The Holidays are upon us and if you need some help to lock down some cool gifts for your friends, lovers, spouses, and/or kids, let me steer you towards some fabulous content. There are plenty of vital books, music, DVDs, even collectible vinyl figures worth seeking out. Here's a short A - Z list:
Aloe Blacc: Good Things (Stones Throw)
Fresh, dynamic urban R&B; wicked throw-back cool. Mr. Blacc's voice is the bomb; whether dipping to guttural love pleas or rising to a excited falsetto. Reimagined cover of the Velvet Underground's "Femme Fatale" that is devastatingly soulful.
Audiokonstrukte: City Echoes (Fürni)
Yes, Virginia, ambient can be cool and warm. Just ask Santa after he's been zipping around from party to party and needs to chill. This Berlin outfit is the perfect holiday brain-melting bromide.
Auditorium: Be Brave (Self Released)
Auditorium is the nom du plume of singer/songwriter/musician/actor of the LA-based Spencer Berger. This 14 song, 30-minute album is one of the freshest releases of the year. Mining the lair of Arthur Lee (of Love) and Elliot Smith, Mr. Berger has crafted a wonderfully engrossing folk-rock affair that boasts a '60s pop-rock sheen with a modern day angular alt rock vibe; often just his multi-tracked voice with acoustic guitar and bass.
The Beatles: Abbey Road (EMI)
Finally available on iTunes, this release will always hold a special place in their canon of work. Reminds me of my youth. My cousin Vinny gave me this LP for Christmas when it was originally released. As history has shown us, the Liverpudians delivered on the final LP that they recorded before disbanding. Still an essential DID, even in twenty-ten.
Black Dub: Black Dub (Jive)
Daniel Lanois, known as the consumate producer for U2, Dylan, Neil Young, et al., has new quartet. Young 22-year old vocalist Trixie Whitley (Chris' daughter), critically-lauded jazzbo drummer Brian Blade, and longtime bassist Daryl Johnson reimagine the roots-rock genre with texture, passion, and killer chops.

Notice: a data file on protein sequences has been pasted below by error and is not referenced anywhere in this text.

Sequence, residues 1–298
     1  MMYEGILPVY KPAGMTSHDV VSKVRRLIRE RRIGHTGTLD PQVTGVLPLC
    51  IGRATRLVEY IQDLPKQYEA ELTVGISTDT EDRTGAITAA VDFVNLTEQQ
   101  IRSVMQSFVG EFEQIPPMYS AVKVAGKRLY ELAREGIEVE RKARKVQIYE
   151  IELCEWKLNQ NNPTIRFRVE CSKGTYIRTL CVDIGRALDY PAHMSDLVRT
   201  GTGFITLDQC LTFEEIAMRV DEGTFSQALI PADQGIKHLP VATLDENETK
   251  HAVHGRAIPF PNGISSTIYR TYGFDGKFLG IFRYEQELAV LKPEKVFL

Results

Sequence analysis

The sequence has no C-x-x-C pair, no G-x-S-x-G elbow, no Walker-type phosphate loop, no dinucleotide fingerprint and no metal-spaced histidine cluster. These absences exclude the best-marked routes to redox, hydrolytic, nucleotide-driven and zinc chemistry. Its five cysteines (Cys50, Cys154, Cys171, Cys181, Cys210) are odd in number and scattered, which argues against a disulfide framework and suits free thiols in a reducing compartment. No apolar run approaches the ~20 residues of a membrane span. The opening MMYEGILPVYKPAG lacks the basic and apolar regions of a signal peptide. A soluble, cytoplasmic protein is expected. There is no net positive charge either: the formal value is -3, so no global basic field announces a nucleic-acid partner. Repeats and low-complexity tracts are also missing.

Ron English Paintings, Books & Toys
Popaganda surrealist painter Ron English knows how to appeal to the toy collectors, art book collectors, t-shirt collectors, and yes, even the serious art collectors. And he recognizes that even a limited-edition vinyl sculptor run for ComicCon or Kid Robot may someday increase in value. Don't believe me? Check eBay for proof!
Jerry Garcia Acoustic Band: Almost Acoustic/Ragged But Right (Rhino)
This must-own, special two-fer is the newly remastered version of out-of-print classic Almost Acoustic and the previously unreleased Ragged But Right recorded back in the late '80s. JGCB opened about two dozen shows for Jerry's electric band on Broadway and in the Bay Area. Sandy Rothman (mandolin, dobro, banjo, vocals) and David Nelson (guitar, vocals), of New Riders of the Purple Sage fame, had even played with Jerry back in the early '60s in the bluegrass outfit the Black Mountain Boys. Will keep you grinnin' from ear to ear.